Texas Tech University has said it cancelled a so-called anti-racism seminar that segregated students by race.
The Daily Caller News Foundation reported that the university said it had cancelled the seminar, after the Young America’s Foundation (YAF) revealed the segregation through a Freedom of Information Act (FOIA) request.
“Upon reviewing materials from the ‘Deeply Rooted Conversations’ discussion series, we learned that some of the content does not align with our university values, and we have discontinued this program,” Texas Tech spokesman Matt Dewy told the Caller.
YAF’s Kara Zupkus reported on Thursday that the organization had received documents showing Texas Tech segregated its students by race during “anti-racism” training. Video footage revealed by YAF showed Mica Curtis-Wilson, who the Caller reported is no longer employed at the university, telling students and faculty to separate according to skin color. The groups were referred to as the “BIPOC affinity space” and the “Ally affinity space.” The groups were part of the “Allyship and Co-Conspirator” session of the training, which was called the “Deeply Rooted Conversations.”
“We are breaking up into two separate rooms just to facilitate conversation…and also to allow those who identify with each other to be able to communicate ways in which we can be better allies in different spaces,” Curtis-Wilson said in the video.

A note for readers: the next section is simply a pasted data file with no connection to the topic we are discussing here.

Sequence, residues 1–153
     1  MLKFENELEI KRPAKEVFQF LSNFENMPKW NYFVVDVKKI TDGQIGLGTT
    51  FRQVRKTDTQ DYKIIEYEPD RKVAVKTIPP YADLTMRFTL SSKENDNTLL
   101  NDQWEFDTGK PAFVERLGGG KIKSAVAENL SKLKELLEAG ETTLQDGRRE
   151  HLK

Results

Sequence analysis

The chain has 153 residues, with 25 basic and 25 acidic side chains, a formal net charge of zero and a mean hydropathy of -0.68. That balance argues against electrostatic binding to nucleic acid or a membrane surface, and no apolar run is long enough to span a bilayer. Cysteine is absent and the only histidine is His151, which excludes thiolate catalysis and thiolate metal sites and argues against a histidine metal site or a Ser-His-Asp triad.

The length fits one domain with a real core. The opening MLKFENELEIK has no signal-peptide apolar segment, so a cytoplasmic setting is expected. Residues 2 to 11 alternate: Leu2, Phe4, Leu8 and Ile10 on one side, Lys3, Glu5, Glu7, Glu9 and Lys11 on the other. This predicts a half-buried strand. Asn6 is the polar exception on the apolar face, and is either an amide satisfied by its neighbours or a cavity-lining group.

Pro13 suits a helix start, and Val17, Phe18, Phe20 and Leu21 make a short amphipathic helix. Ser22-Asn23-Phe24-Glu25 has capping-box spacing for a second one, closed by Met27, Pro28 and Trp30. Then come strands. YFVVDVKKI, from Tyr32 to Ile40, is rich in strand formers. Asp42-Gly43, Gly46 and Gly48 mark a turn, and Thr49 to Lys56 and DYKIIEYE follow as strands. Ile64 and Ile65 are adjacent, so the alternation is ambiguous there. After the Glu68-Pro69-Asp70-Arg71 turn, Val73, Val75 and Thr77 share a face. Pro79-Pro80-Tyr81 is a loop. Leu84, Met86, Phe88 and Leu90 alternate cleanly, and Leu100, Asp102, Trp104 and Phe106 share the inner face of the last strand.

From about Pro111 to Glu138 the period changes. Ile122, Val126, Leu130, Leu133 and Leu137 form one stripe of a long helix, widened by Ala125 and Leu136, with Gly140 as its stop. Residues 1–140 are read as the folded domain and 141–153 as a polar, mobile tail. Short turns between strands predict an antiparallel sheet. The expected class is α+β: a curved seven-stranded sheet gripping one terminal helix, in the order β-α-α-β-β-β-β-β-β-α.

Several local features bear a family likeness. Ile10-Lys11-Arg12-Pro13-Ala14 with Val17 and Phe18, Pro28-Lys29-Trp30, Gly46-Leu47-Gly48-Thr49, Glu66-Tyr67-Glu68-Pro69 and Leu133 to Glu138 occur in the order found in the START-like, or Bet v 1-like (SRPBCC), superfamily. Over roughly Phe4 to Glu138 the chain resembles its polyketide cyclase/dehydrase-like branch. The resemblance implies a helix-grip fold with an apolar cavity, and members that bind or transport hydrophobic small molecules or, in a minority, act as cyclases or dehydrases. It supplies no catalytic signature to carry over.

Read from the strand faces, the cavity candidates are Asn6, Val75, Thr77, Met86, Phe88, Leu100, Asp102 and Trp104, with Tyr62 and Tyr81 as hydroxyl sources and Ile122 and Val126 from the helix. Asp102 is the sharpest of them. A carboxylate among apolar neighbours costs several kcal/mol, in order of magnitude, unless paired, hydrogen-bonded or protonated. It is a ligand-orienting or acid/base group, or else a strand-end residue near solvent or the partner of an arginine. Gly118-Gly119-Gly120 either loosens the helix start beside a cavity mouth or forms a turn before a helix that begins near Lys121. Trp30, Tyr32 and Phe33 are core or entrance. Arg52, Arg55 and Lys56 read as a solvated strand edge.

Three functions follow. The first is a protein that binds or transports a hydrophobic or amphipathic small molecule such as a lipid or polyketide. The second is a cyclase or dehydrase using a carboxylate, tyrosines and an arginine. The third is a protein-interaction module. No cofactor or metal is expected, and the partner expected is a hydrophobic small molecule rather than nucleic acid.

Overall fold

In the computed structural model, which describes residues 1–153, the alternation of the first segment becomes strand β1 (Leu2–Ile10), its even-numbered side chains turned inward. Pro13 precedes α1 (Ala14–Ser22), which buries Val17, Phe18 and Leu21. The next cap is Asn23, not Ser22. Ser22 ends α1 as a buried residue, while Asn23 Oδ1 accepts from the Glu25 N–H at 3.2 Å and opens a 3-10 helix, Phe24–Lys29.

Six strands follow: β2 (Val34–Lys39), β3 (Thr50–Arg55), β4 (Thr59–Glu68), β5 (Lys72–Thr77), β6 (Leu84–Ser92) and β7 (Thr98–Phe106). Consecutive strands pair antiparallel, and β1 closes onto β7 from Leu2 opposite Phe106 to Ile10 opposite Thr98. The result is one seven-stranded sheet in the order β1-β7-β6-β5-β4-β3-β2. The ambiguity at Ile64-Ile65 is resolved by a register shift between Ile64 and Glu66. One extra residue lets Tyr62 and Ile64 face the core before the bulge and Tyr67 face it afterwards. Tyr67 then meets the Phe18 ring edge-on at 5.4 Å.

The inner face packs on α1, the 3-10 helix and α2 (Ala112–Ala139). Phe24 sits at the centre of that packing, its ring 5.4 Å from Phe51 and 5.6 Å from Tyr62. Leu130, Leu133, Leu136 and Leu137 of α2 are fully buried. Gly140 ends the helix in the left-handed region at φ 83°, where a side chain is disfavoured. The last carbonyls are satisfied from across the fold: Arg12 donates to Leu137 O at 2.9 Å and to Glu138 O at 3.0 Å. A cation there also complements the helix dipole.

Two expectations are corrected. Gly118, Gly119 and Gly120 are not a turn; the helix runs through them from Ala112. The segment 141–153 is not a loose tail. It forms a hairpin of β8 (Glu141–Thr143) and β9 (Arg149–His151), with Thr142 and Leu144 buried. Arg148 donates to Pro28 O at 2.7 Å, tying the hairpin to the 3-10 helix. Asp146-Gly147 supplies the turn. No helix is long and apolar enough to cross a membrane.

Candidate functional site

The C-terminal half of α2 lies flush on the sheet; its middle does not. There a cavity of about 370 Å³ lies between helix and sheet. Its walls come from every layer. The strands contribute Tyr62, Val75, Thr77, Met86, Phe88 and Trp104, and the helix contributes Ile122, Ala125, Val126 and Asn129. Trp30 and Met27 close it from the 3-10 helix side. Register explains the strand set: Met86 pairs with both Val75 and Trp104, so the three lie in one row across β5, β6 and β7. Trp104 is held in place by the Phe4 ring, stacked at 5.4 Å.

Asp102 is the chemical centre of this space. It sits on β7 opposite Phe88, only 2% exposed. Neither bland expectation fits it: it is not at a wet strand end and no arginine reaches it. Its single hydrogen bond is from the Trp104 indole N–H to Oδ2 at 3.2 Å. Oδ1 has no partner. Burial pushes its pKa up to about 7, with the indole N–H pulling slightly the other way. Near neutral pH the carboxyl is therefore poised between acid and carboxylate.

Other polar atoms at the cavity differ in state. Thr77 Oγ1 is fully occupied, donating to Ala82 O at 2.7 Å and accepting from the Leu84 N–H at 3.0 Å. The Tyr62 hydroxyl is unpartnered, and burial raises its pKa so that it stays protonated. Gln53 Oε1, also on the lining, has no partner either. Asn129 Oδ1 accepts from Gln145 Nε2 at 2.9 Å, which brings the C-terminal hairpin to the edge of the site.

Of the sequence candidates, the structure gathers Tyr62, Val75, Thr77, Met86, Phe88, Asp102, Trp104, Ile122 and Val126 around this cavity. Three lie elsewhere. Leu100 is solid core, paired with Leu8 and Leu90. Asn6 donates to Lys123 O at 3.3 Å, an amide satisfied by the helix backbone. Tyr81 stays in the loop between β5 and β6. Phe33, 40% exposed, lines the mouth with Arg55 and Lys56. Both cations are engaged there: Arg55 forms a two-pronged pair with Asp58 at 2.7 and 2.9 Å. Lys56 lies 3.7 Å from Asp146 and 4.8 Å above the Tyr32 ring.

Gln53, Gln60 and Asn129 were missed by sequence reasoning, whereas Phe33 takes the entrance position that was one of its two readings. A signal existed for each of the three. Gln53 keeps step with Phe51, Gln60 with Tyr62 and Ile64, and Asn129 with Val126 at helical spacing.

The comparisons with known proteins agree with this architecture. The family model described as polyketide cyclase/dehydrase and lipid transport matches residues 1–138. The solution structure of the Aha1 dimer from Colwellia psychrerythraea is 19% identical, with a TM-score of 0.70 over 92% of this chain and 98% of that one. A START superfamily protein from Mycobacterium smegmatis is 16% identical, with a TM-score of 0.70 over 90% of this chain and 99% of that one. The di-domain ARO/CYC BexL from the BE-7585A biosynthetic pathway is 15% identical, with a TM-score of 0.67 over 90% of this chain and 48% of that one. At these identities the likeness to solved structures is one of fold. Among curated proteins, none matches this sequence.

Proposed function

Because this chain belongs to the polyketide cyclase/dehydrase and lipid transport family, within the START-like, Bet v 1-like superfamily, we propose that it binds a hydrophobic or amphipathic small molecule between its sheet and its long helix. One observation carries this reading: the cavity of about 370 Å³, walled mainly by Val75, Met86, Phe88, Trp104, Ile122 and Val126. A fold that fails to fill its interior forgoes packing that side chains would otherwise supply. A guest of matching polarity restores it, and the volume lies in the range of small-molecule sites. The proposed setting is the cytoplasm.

“If I accidentally move you to the wrong room please just let me know,” she added, saying she was segregating students based on their registration. “The point of this is to be able to identify how we experience these concepts and ideas and deeply listen to others and how they understand these ideas.”
Students were also segregated during the “Understanding Whiteness and White Allyship” and the “Racial Battle Fatigue” sessions. More from YAF:
During the “Understanding Whiteness and White Allyship” session, TTU administrators listed law enforcement as an example of “white supremacy.”
Another aspect of the training asked students and faculty to reflect on “When have my racist ideas and actions affected others?” and “How have I benefitted from my privilege…?”
In addition to law enforcement, “immigration laws,” and “service institutions” as examples of white supremacy.
YAF said it obtained the information through the FOIA request after a student tipped them off. Dewey, the university spokesman, defended the trainings by calling them “optional educational opportunity conversations.”
“When they registered, they self-identified…if they wanted to switch they could do that at any time,” he reportedly told YAF.
“This was an opportunity for people to discuss their individual experiences both on our campus and in their lives more broadly. I think in a lot of these situations it’s kind of a personal reflection and then they come back together and kind of discuss within the broader group,” he added.
Dewey later told the Caller that the seminar “was not part of the sanctioned academic curriculum at Texas Tech University.”
“It was a series of strictly voluntary, optional discussions offered as part of a pilot program to students who were interested in participating through the Division of Diversity, Equity & Inclusion,” he added.
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